2264     4 & 0100 011 \\
2265     \hline
2266     5 & 0101 110 \\
2267     \hline
2268     6 & 0110 100 \\
2269     \hline
2270     7 & 0111 001 \\
2271     \hline
2272     8 & 1000 110 \\
2273     \hline
2274     9 & 1001 011 \\
2275     \hline
2276     10 & 1010 001 \\
2277     \hline
2278     11 & 1011 100 \\
2279     \hline
2280     12 & 1100 101 \\
2281     \hline
2282     13 & 1101 000 \\
2283     \hline
2284     14 & 1110 010 \\
2285     \hline
2286     15 & 1111 111 \\
2287     \hline
2288     \end{tabular}
2289     \end{center}
2290     \end{table}
2291     \end{vworkexampleparsection}
2292     \vworkexamplefooter{}
2293    
2294    
2295    
2296     %%%%%%%%%%%%%%%%%%%%%%%%%%%%%%%%%%%%%%%%%%%%%%%%%%%%%%%%%%%%%%%%%%%%%%%%%%%%%%%%
2297     %%%%%%%%%%%%%%%%%%%%%%%%%%%%%%%%%%%%%%%%%%%%%%%%%%%%%%%%%%%%%%%%%%%%%%%%%%%%%%%%
2298     %%%%%%%%%%%%%%%%%%%%%%%%%%%%%%%%%%%%%%%%%%%%%%%%%%%%%%%%%%%%%%%%%%%%%%%%%%%%%%%%
2299     \subsection{\emph{Weak} Utilization Of Cyclic Codes}
2300     %Subsection tag: wut0
2301     \label{cedc0:scco0:swut0}
2302    
2303    
2304     %%%%%%%%%%%%%%%%%%%%%%%%%%%%%%%%%%%%%%%%%%%%%%%%%%%%%%%%%%%%%%%%%%%%%%%%%%%%%%%%
2305     %%%%%%%%%%%%%%%%%%%%%%%%%%%%%%%%%%%%%%%%%%%%%%%%%%%%%%%%%%%%%%%%%%%%%%%%%%%%%%%%
2306     %%%%%%%%%%%%%%%%%%%%%%%%%%%%%%%%%%%%%%%%%%%%%%%%%%%%%%%%%%%%%%%%%%%%%%%%%%%%%%%%
2307     \subsection{Perfect Codes}
2308     %Subsection tag: pfc0
2309     \label{cedc0:scob0:spfc0}
2310    
2311     We define a \index{perfect code}\emph{perfect code} as a code
2312     where (\ref{eq:cedc0:scob0:rbc0:shsp0:01})
2313     is an equality---that is, where the volume of the $2^k$ packing spheres precisely
2314     consumes the $2^n$ messages available. A perfect code has no ``waste'': that is,
2315     there are no messages which do not participate in maintaining the required separation
2316     between codewords.
2317    
2318     In this section, we address two issues:
2319    
2320     \begin{itemize}
2321     \item The existence of integer solutions to
2322    
2323     \begin{equation}
2324     \label{eq:cedc0:scob0:spfc0:01}
2325     2^k V(n, \rho) = 2^n ,
2326     \end{equation}
2327    
2328     which is a question from number theory.
2329    
2330     \item Given $n$,$k$ which satisfy (\ref{eq:cedc0:scob0:spfc0:01}), the existence
2331     of the codes whose possible existence is predicted. It should be remembered
2332     that (\ref{eq:cedc0:scob0:spfc0:01}) is a necessary but not sufficient
2333     condition.
2334     \end{itemize}
2335    
2336    
2337     %%%%%%%%%%%%%%%%%%%%%%%%%%%%%%%%%%%%%%%%%%%%%%%%%%%%%%%%%%%%%%%%%%%%%%%%%%%%%%%%
2338     %%%%%%%%%%%%%%%%%%%%%%%%%%%%%%%%%%%%%%%%%%%%%%%%%%%%%%%%%%%%%%%%%%%%%%%%%%%%%%%%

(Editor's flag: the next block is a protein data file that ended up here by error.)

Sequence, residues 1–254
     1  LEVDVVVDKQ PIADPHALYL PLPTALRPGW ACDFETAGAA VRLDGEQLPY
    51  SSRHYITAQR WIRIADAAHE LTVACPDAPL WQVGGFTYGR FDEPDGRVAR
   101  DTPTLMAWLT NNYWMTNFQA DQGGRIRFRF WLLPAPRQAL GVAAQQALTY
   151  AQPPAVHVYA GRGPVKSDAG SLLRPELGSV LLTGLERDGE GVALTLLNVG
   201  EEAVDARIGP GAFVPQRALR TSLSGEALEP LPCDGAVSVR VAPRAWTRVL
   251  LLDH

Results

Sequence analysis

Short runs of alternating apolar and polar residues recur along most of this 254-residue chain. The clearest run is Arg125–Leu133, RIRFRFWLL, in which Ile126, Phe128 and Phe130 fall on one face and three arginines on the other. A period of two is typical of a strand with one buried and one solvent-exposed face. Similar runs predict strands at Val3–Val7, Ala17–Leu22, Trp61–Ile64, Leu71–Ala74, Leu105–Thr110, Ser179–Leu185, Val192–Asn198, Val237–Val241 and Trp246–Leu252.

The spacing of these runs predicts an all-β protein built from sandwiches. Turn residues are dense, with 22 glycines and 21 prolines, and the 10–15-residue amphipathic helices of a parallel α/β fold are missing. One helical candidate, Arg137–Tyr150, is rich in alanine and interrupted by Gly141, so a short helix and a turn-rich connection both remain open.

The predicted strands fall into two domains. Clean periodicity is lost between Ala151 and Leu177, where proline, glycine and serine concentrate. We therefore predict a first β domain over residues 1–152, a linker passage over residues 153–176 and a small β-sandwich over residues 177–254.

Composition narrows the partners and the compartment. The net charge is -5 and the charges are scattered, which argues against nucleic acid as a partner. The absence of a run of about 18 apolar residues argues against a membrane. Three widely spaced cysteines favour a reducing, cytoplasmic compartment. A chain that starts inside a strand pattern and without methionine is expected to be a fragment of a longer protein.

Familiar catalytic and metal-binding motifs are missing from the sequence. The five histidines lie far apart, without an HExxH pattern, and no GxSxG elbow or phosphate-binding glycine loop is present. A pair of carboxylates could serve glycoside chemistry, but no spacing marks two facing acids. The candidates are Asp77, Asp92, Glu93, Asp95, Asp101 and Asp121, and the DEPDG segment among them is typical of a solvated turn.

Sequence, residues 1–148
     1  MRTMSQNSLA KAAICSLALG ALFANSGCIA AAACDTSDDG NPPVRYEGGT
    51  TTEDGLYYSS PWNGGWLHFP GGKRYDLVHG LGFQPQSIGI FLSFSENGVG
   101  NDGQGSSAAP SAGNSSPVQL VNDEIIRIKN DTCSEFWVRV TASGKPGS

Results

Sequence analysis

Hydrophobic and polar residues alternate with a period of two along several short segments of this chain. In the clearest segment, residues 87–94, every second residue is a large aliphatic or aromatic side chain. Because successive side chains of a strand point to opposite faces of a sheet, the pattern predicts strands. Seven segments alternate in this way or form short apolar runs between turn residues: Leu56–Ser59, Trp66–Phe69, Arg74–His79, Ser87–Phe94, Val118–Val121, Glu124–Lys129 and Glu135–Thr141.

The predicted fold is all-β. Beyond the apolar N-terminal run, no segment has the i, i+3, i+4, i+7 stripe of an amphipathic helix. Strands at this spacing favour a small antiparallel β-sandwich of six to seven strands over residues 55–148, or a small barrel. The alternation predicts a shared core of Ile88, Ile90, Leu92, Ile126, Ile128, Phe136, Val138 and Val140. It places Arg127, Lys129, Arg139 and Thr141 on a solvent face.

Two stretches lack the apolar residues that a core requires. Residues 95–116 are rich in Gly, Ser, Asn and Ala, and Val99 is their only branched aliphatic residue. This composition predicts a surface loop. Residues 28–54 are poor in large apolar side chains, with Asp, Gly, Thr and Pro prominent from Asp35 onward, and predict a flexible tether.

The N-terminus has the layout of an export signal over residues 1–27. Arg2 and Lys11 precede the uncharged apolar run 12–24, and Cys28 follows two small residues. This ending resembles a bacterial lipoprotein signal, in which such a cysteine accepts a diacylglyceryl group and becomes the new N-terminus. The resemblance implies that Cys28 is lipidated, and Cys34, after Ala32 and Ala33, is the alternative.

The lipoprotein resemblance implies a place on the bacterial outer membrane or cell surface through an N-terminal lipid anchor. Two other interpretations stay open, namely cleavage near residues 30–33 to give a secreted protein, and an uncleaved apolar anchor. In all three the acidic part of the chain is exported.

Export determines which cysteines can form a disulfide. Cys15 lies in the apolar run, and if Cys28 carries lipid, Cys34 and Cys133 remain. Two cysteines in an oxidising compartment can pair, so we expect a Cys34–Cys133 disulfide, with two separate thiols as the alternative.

2339     %%%%%%%%%%%%%%%%%%%%%%%%%%%%%%%%%%%%%%%%%%%%%%%%%%%%%%%%%%%%%%%%%%%%%%%%%%%%%%%%
2340     \subsubsection[Existence Of Integer Solutions To
2341     \protect\mbox{\protect$2^k V(n, \rho) = 2^n$}]
2342     {Existence Of Integer Solutions To
2343     \protect\mbox{\protect\boldmath$2^k V(n, \rho) = 2^n$}}
2344     %Subsubsection tag: pfc0
2345     \label{cedc0:scob0:spfc0:seis0}
2346    
2347    
2348    
2349     %%%%%%%%%%%%%%%%%%%%%%%%%%%%%%%%%%%%%%%%%%%%%%%%%%%%%%%%%%%%%%%%%%%%%%%%%%%%%%%%
2350     %%%%%%%%%%%%%%%%%%%%%%%%%%%%%%%%%%%%%%%%%%%%%%%%%%%%%%%%%%%%%%%%%%%%%%%%%%%%%%%%
2351     %%%%%%%%%%%%%%%%%%%%%%%%%%%%%%%%%%%%%%%%%%%%%%%%%%%%%%%%%%%%%%%%%%%%%%%%%%%%%%%%
2352     \subsubsection{Existence Of Predicted Perfect Codes}
2353     %Subsubsection tag: epc0
2354     \label{cedc0:scob0:spfc0:sepc0}
2355    
2356    
2357     %%%%%%%%%%%%%%%%%%%%%%%%%%%%%%%%%%%%%%%%%%%%%%%%%%%%%%%%%%%%%%%%%%%%%%%%%%%%%%%%
2358     %%%%%%%%%%%%%%%%%%%%%%%%%%%%%%%%%%%%%%%%%%%%%%%%%%%%%%%%%%%%%%%%%%%%%%%%%%%%%%%%
2359     %%%%%%%%%%%%%%%%%%%%%%%%%%%%%%%%%%%%%%%%%%%%%%%%%%%%%%%%%%%%%%%%%%%%%%%%%%%%%%%%
2360     \section{Economical Implementation Of Linear Codes In Software}
2361     %Section tag: eim0
2362     \label{cedc0:seim0}
2363    
2364    
2365     %%%%%%%%%%%%%%%%%%%%%%%%%%%%%%%%%%%%%%%%%%%%%%%%%%%%%%%%%%%%%%%%%%%%%%%%%%%%%%%%
2366     %%%%%%%%%%%%%%%%%%%%%%%%%%%%%%%%%%%%%%%%%%%%%%%%%%%%%%%%%%%%%%%%%%%%%%%%%%%%%%%%
2367     %%%%%%%%%%%%%%%%%%%%%%%%%%%%%%%%%%%%%%%%%%%%%%%%%%%%%%%%%%%%%%%%%%%%%%%%%%%%%%%%
2368     \section[\protect\mbox{\protect$\hat{d}=2$} Codes Useful In Microcontroller Work]
2369     {\protect\mbox{\protect\boldmath$\hat{d}=2$} Codes Useful In Microcontroller Work}
2370     %Section tag: dtc0
2371     \label{cedc0:sdtc0}
2372    
2373    
2374     %%%%%%%%%%%%%%%%%%%%%%%%%%%%%%%%%%%%%%%%%%%%%%%%%%%%%%%%%%%%%%%%%%%%%%%%%%%%%%%%
2375     %%%%%%%%%%%%%%%%%%%%%%%%%%%%%%%%%%%%%%%%%%%%%%%%%%%%%%%%%%%%%%%%%%%%%%%%%%%%%%%%
2376     %%%%%%%%%%%%%%%%%%%%%%%%%%%%%%%%%%%%%%%%%%%%%%%%%%%%%%%%%%%%%%%%%%%%%%%%%%%%%%%%
2377     \section[\protect\mbox{\protect$\hat{d}=3$} Codes Useful In Microcontroller Work]
2378     {\protect\mbox{\protect\boldmath$\hat{d}=3$} Codes Useful In Microcontroller Work}
2379     %Section tag: dhc0
2380     \label{cedc0:sdhc0}
2381    
2382    
2383    
2384     %%%%%%%%%%%%%%%%%%%%%%%%%%%%%%%%%%%%%%%%%%%%%%%%%%%%%%%%%%%%%%%%%%%%%%%%%%%%%%%%
2385     %%%%%%%%%%%%%%%%%%%%%%%%%%%%%%%%%%%%%%%%%%%%%%%%%%%%%%%%%%%%%%%%%%%%%%%%%%%%%%%%
2386     %%%%%%%%%%%%%%%%%%%%%%%%%%%%%%%%%%%%%%%%%%%%%%%%%%%%%%%%%%%%%%%%%%%%%%%%%%%%%%%%
2387     \section{Acknowledgements}
2388     \label{cedc0:sack0}
2389    
2390     I'm very grateful to the following individuals who contributed insight
2391     about error-detecting and error-correcting
2392     codes on \index{comp.arch.embedded@\texttt{comp.arch.embedded}}\texttt{comp.arch.embedded}
2393     and other
2394     newsgroups:
2395     Alan Coppola,
2396     Eric Doenges,
2397     Glen Herrmannsfeldt,